The critical thing to understand about equipment ownership costs is that they are fixed costs incurred when the asset is purchased.
Additionally, properly allocating the ownership cost of an asset requires the use of several standard financial accounting concepts, like economic life and depreciation.
What are the components of ownership costs?
To calculate your cost, you need to know what data to include. The Heavy recommends the following components in your ownership cost calculation, broken down by cost type:
Costs Incurred at Purchase, To Understand True Total Acquisition Cost:
- Purchase Price
- Sales Tax
- Shipping Costs
Other Allocated, Organizational Fixed Costs:
- Organizational Overhead
- Overhaul Costs, Parts (assumes capex-ing of overhaul costs)
- Overhaul Costs, Labor (assumes capex-ing of overhaul costs)
Components Impacting Length of Cost Window:
- Annual Use (in hours or miles)
- Economic Life (organizational and GAAP standards exist, normally communicated in hours for assets)
- Length of Depreciation Window
- Depreciation Method, i.e. Straight Line or Market-Based
Value at End of Economic Life, To Reduce Depreciable Amount of Purchase Price
You can have a different list of inputs to go into your ownership cost calculations, but the above represents a generally accepted best practice for all relevant costs.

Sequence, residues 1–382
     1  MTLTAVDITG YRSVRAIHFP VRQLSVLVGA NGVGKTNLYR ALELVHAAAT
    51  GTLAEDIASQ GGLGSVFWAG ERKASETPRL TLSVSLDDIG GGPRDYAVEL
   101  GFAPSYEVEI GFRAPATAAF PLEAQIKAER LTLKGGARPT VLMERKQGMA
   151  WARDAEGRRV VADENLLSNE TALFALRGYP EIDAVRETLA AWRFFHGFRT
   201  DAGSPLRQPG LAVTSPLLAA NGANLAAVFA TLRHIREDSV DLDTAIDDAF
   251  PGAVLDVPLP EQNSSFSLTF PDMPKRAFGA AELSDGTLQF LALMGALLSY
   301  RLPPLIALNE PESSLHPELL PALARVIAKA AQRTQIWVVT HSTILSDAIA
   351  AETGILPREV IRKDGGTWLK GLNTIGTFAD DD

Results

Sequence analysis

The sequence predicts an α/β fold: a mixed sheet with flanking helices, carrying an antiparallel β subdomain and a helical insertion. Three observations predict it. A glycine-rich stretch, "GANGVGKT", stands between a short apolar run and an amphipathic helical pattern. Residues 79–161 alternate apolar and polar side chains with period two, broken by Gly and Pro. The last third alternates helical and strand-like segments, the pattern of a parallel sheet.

What is the difference between equipment ownership costs and operating costs?
O&O Costs are probably one of the most misused phrases in the construction equipment universe. Operating Costs are variable costs, which start at zero at the birth of the equipment and increase steadily over time. These costs are all non-capex cost inputs, e.g. oil changes, preventative maintenance, lubricant, new tires or tracks, fuel consumption and more.
Operating costs can be controlled and improved by those operating and maintaining the equipment. Ownership costs cannot – they are financial accounting concepts not controlled through operation.
How do I calculate my equipment ownership costs?
Equipment ownership costs are represented as rates in two ways:
- a cost per hour for off-highway equipment
- a cost per miles/kilometer for on-highway assets
To calculate your costs, you need to have access to the cost component inputs that go into the cost equation and a consistent calculator to do the math, either in Excel or as software.
Are there tools that can help me calculate equipment ownership costs?
Yes! It’s key to know that ownership costs are not unique to the construction equipment market. They live in any asset-based industry, e.g. trucking, automobile and maritime.
With that in mind, here are some non-Excel based tools to help you calculate equipment ownership costs:
What are the ownership costs for rented equipment?
Ownership costs are not directly measured as part of your rental, and the emotional benefit of no direct ownership costs is one of the greatest benefits of renting.